TR331/322: 2SC641K
TR365/366: 2SC2901
TR371/372: 2SC2912S
TR375/376: 2SA1210S
TR377/378: 2SA781K

For the pair of 2SC2901s, they're installed for class L, 40-120 (Is there a standard for these or are they just part specific?/manufacturer's whim?), and it looks like the AliExpress you sent is for L anyways.

The 2SA2912Ses were replaced with KSA1381Es, as mentioned. They might be suitable for just buying a new pair and sticking those in. I'm still considering options for the other transistors, but I'm not pulling the trigger on any order until I'm sure what I'm buying from Mouser and what I'm buying from AliExpress.
 

Online tautech

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Re: Oscilloscope Vertical?
« Reply #14 on: October 31, 2015, 08:30:12 am »
To be honest (TBH) when the original parts ARE available I've always used them, not so much NOS but newly manufactured and only resorted to substitution when they have been unobtainium.

There are many parameters to consider when substituting transistors and when a match looks close, the thing that normally seals it for me is the datasheets listed normal use, be it a switch, GP amp, defection amp and so on, but especially when substitution involves CRT plate defection output transistors.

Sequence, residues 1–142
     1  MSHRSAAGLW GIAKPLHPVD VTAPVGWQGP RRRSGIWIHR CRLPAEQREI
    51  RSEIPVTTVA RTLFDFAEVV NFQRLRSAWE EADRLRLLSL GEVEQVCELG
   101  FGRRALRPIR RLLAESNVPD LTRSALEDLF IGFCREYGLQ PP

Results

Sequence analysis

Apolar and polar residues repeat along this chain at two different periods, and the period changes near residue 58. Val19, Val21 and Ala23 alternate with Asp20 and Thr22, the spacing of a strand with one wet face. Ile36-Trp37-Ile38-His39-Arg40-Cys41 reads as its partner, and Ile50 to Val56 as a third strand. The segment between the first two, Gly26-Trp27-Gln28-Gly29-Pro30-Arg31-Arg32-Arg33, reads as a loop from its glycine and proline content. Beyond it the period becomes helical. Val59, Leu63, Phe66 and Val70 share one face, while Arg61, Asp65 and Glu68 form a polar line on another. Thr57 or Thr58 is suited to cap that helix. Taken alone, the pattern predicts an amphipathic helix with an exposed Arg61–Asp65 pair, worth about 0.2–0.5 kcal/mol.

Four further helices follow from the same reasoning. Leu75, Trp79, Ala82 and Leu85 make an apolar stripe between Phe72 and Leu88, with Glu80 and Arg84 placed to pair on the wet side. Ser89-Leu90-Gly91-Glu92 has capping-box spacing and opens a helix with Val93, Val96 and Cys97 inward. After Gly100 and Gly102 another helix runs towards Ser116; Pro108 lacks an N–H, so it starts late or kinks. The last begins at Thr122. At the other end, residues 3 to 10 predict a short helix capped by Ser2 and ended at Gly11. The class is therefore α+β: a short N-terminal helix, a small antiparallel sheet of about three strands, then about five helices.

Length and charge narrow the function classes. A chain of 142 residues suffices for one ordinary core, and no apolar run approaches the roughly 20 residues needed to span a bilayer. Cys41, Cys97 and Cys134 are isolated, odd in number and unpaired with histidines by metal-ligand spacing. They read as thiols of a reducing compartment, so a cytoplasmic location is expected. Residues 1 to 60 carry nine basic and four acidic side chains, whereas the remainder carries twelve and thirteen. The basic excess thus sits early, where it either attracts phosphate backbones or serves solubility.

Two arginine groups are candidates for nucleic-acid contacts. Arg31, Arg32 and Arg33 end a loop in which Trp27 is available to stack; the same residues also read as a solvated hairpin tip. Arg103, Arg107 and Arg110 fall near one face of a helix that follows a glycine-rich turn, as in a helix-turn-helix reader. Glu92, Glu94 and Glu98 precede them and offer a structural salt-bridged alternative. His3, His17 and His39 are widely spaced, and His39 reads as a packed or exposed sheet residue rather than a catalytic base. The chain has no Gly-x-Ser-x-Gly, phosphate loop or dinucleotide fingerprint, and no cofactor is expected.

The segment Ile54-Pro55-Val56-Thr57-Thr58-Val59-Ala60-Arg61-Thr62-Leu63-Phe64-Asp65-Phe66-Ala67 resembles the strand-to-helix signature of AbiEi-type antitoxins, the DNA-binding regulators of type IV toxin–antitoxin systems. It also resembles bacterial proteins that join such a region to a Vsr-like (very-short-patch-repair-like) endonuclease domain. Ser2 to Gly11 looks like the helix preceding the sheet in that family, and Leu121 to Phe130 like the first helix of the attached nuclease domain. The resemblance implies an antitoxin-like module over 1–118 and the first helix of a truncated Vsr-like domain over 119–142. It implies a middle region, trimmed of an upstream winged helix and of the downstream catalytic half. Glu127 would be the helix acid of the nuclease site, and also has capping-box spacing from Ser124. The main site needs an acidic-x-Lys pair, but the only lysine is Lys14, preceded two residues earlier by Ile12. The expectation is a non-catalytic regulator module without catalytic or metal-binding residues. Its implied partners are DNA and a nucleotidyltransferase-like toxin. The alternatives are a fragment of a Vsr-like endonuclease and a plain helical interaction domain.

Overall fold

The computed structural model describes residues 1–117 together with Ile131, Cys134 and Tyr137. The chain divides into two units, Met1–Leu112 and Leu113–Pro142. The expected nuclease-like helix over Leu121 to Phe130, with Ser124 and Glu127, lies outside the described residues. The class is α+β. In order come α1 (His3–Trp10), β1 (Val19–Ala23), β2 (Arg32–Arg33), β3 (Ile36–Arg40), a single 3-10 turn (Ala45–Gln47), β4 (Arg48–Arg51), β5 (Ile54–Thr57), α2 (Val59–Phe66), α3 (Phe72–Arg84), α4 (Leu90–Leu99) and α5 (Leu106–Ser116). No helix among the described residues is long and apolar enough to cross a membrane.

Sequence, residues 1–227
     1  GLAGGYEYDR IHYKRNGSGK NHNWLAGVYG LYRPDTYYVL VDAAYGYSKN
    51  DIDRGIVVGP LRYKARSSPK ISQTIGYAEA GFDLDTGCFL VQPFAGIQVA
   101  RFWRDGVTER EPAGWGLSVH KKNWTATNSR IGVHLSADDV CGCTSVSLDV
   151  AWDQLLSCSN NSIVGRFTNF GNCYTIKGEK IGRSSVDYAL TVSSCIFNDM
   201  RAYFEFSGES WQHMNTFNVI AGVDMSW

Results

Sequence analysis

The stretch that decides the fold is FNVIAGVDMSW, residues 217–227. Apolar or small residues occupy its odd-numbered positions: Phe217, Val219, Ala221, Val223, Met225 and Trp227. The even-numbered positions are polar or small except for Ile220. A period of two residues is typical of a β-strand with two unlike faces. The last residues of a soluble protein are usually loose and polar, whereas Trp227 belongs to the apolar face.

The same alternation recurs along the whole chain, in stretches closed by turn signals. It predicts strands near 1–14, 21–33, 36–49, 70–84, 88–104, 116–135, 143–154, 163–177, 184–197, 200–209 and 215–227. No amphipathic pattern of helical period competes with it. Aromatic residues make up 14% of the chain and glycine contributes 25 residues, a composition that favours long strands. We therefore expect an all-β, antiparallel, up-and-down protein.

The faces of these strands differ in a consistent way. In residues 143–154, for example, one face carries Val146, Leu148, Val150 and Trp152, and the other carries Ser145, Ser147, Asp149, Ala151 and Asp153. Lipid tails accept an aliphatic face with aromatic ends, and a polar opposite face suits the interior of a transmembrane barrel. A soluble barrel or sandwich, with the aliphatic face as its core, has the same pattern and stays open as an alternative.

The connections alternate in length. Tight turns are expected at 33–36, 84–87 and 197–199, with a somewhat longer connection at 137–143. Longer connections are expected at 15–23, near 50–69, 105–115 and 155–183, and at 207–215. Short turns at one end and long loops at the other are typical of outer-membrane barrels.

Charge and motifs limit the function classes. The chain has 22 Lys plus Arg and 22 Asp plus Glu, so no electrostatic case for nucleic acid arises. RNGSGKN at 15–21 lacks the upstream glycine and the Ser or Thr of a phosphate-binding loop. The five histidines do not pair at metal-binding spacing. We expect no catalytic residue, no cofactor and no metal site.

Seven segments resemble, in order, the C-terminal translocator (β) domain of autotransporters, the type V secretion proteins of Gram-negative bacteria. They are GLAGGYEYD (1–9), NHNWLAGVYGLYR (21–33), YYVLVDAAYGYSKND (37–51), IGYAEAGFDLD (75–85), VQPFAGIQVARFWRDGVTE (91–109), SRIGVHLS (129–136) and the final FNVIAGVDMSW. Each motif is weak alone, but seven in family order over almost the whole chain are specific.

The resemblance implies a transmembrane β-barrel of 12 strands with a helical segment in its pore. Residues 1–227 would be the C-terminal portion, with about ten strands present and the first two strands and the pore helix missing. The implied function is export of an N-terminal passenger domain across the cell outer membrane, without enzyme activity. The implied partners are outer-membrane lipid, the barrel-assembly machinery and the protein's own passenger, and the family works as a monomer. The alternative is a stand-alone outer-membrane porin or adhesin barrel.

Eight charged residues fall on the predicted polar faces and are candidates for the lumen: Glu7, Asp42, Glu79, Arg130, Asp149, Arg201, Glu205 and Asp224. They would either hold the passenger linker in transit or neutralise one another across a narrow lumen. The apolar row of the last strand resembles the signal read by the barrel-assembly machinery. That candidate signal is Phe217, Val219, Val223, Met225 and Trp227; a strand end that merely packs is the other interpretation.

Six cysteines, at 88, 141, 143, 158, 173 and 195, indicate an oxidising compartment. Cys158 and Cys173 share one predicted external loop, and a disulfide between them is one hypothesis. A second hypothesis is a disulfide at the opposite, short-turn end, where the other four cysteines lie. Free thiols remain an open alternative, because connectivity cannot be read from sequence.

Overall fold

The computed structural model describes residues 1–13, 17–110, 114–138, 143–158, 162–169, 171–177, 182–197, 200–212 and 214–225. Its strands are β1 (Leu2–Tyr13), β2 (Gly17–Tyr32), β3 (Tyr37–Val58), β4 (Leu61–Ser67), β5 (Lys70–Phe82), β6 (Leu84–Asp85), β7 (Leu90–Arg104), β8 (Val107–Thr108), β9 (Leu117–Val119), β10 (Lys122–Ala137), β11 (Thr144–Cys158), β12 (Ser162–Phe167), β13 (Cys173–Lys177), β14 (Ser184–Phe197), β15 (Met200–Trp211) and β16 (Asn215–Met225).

In every case of scopes where I've repaired output stages the OEM tansistors have been specified in the datasheet as a video deflection amp of words to that effect.

Now if you look at the fault finding oscillographs on scope schematics for plate outputs you will see quite large voltage swings and for this reason alone it is wise to stick with devices for which this is their intended use.
My favourite transistor for this use has been BF259, but alas they won't suit your needs, I've checked.  ;)

Good luck.
 
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Offline Kleinstein

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Re: Oscilloscope Vertical?
« Reply #15 on: October 31, 2015, 09:59:04 am »
It's likely ok to use either the parts from the original plan or a direkt relacement of the parts installed. The installed parts may be more modern and easier to get. They may also be upgrades to withstand heat a little better.

With the transistors the DC current gain is usually not that important. The speed and base - collector capacitance can be the more important parameters.

The 2N3904 as a relacement for the 2SC641K seems acceptable.